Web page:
I do not want to see its like again.

 

 

WEST POINT

At West Point Cemetery
I come upon the grave,
the mass grave of cadets
who went half-trained
to a Mexican slaughter.
They lie in their shrouds,
    their dress blues,
    buttons polished,
    shoes immaculate;
laid gently like babes
    in a playpen,
side by side in a chaste
    embrace,
stacked up like logs
    for a burning,
smothered with loam and tears.
This ground is covered
    with yellow wood sorrel
the clover-like leaves for Luck
the frail blond flowers for Beauty
the persistent roots for Strength
I tear a stalk and taste
    its lemon flavor,
chewing it slowly—
not some pasty communion wafer
but a Host sublimed of flesh,
of hair and bone and marrow;
not some dark wine fermented
by yeast in Original Sin,
but dew and rain and rootsap
drunk from the lips of the grave.


THE FORGOTTEN GRAVESTONE

At Swan Point:
a level stone is engulfed
by soil and grass.
It settled, perhaps,
or a careless groundsman
neglected it.
Most of the name is gone,
and half the date.
Earth closes around it
like a healing wound.
There must be no family left,
no friends to make worried
inquiries at the cemetery office.
Perhaps he lived abroad,
fought an unpopular war,
was disinherited,
suffered excommunication,
the village homosexual,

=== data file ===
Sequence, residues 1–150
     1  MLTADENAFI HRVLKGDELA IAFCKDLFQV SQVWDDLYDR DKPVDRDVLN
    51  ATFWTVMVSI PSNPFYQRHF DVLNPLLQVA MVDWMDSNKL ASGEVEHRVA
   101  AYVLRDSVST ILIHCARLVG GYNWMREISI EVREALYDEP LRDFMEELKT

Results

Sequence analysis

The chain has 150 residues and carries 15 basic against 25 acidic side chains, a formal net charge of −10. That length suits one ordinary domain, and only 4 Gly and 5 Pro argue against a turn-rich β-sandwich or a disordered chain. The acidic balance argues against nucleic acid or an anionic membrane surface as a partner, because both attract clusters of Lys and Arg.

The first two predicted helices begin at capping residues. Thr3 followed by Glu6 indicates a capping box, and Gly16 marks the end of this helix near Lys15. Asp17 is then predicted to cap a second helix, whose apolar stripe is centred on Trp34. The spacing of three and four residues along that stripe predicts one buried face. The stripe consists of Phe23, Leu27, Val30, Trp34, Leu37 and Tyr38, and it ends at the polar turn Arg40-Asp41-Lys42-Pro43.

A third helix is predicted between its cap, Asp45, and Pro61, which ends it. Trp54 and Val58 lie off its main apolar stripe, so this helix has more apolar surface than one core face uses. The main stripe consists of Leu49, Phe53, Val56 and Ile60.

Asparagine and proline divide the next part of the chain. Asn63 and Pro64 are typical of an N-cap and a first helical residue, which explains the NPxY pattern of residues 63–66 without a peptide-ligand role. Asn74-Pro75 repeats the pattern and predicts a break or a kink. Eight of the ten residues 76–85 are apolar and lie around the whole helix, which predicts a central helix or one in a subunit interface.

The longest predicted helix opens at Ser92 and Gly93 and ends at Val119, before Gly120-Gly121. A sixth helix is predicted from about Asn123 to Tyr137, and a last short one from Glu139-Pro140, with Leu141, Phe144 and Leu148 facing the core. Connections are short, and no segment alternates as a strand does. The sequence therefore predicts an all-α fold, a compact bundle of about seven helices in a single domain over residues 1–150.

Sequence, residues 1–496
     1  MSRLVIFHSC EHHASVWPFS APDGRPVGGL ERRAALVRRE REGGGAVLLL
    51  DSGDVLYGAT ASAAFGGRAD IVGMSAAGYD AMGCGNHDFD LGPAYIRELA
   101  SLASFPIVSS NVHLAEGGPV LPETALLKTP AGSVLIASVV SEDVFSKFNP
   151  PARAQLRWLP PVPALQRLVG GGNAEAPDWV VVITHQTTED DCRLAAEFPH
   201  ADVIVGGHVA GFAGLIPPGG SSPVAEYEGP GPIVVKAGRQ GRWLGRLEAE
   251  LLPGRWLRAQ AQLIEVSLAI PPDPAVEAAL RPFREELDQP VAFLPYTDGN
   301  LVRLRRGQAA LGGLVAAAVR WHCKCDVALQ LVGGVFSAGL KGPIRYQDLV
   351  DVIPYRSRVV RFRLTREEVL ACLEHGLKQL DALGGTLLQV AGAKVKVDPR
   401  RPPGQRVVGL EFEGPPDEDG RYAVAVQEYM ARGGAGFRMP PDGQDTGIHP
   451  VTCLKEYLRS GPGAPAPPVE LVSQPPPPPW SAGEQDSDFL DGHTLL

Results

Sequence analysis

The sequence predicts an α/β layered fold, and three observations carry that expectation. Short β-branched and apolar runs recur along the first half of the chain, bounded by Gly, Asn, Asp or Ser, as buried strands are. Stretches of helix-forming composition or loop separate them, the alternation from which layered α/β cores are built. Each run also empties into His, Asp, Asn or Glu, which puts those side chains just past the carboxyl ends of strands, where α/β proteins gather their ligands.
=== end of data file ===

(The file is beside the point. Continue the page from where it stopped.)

married a foreigner,
died in a prison,
drooling lobotomized
in a madhouse,
morphined in an alley
or perhaps, he was a poet.


THE SWAN POINT GHOUL

Two months have passed
since I stood here,
in magic circle at the Old Gent’s
grave, honoring Lovecraft.
The place I chose to stand on—
an older plot by a pine tree—
has dropped by a foot or more,
its earth a moil of root-turn,
brown against green
of surrounding sod.
Did the coffin collapse,
  or was it removed
     by something
     that tunnels
beneath the gravebeds?—
some necrophagic mole-man,
sharp claws on spatulate fingers,
red eyes sheathed in reptile layerings,
teeth jagged and piercing,
its sense of smell infallible,
burrowing from vault to tomb,
to late night lap of pond water,
to daylong sleep in a bat cave.
Even as we stood here,
  speaking our words of praise,
  reading our innocent poems,
did March earth muffle
  the splinter of casket
  the tear of cloth,
the insistent feeding
of the Swan Point ghoul?


AFTER THE STORM

Dead night.
I tramp the midnight lane